Victor Peskin

Victor Peskin
Assoc Professor


Assistant Professor, School of Global Studies, College of Liberal Arts and Sciences


Ph.D. Department of Political Science, University of California, Berkeley


Victor Peskin joined the School of Global Studies as an assistant professor in Spring 2006. His research and teaching interests lie at the intersection of international relations, comparative politics, and human rights. His research seeks to understand the conflicts between international legal institutions and nation-states that have ensued with the expansion of international humanitarian and human rights law. He is particularly interested in the political and philosophical battles between international war crimes tribunals and states implicated in war crimes, crimes against humanity, and genocide. The outcome of these tribunal-state conflicts will determine the viability of the emerging system of international criminal courts to prosecute individual suspects charged with human rights violations.

Research interest

Peskin is the author of International Justice in Rwanda and the
Balkans: Virtual Trials and the Struggle for State Cooperation (New
York: Cambridge University Press, 2008). The book was selected as a
CHOICE 2008 Outstanding Academic Title. The book tells the story of
how the UN International Criminal Tribunals for the former Yugoslavia
and Rwanda prod states implicated in atrocities to hand over their own
leaders for trial. Drawing on his 300 interviews with tribunal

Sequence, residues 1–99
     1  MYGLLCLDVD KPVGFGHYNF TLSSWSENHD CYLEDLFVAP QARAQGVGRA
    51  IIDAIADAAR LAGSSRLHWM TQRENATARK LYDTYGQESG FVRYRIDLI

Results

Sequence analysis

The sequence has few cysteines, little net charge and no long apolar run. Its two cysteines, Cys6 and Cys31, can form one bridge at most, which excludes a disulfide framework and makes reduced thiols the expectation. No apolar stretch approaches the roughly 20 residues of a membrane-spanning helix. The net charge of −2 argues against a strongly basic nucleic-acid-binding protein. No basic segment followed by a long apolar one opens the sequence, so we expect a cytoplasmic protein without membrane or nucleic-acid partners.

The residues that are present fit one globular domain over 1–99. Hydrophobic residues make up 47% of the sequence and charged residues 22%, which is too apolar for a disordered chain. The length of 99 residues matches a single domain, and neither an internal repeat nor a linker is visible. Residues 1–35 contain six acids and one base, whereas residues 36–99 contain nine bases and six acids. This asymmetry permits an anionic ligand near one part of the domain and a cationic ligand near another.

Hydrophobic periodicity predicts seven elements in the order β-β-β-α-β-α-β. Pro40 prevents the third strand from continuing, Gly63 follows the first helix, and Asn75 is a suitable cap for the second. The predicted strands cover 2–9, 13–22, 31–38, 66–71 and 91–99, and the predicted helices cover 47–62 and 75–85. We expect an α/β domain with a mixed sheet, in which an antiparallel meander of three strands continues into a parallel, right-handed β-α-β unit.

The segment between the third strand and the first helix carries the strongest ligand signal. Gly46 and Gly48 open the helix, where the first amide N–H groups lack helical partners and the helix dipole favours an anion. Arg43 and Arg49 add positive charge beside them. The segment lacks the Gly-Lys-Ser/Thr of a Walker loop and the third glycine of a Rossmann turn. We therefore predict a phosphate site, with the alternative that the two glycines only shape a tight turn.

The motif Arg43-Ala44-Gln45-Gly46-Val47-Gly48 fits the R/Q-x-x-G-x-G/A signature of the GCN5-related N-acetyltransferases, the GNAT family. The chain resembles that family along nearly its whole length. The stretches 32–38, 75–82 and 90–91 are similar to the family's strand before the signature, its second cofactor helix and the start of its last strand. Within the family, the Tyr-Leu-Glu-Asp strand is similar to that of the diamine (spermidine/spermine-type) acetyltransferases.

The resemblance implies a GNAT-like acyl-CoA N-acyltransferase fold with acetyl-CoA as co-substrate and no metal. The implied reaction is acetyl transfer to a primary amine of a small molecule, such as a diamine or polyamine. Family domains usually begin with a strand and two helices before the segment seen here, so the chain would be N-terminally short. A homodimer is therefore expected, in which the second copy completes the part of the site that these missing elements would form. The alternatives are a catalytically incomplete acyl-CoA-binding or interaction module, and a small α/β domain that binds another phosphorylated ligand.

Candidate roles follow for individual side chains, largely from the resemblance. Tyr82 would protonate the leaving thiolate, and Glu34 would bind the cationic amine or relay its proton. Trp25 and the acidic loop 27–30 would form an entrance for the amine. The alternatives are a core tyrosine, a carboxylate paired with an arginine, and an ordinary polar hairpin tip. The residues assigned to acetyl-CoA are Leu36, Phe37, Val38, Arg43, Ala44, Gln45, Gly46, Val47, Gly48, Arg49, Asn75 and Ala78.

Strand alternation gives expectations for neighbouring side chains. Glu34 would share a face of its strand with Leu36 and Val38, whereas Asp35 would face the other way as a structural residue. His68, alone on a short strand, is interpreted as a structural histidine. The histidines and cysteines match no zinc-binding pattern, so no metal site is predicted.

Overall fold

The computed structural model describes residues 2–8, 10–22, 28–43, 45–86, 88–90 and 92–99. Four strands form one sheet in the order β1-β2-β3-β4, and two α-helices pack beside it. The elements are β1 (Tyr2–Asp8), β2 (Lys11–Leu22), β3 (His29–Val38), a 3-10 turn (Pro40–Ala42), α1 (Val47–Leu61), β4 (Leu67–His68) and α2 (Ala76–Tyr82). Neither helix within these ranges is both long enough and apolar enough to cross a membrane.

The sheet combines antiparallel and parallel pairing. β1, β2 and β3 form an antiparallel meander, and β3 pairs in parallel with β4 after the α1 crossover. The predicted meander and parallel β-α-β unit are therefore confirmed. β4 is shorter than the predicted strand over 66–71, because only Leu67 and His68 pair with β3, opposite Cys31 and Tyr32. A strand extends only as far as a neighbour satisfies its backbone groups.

officials, Balkan and Rwandan politicians and Western diplomats,
Peskin uncovers the politicized and protracted state-tribunal struggle
over cooperation. Key to his analysis is an explanation of how
domestic politics – including the shifting balance
of power between moderate and nationalist politicians
– shapes and is shaped by the state-tribunal
struggle over compliance. In the conclusion, Peskin examines the
Special Court for Sierra Leone and the International Criminal Court,
the next steps on the trajectory of international war crimes
tribunals. His analysis focuses on how the diminished legal authority
of these new courts affects their struggle for cooperation. Peskin
has also published articles in the Journal of International Criminal
Justice, the Journal of Human Rights, Europe-Asia Studies, Legal
Affairs, and International Peacekeeping. His research has been
supported by the United States Institute of Peace, the Institute on
Global Conflict and Cooperation at UC San Diego, the Berkeley Center
for African Studies, and the Human Rights Center at UC Berkeley.
Peskin’s current research includes a project that
examines the range of challenges that the International Criminal Court
confronts in its efforts to prosecute war crimes suspects in Sudan and
Uganda. At the School of Global Studies, Peskin has developed and
taught a number of courses, including Violence, Conflict, and Human
Rights; Humanitarian Crisis and International Intervention; the
Politics of Global Justice; Working in International Organizations;
and Facing the Past: Truth, Memory and Denial After Atrocity.

School of Politics and Global Studies 
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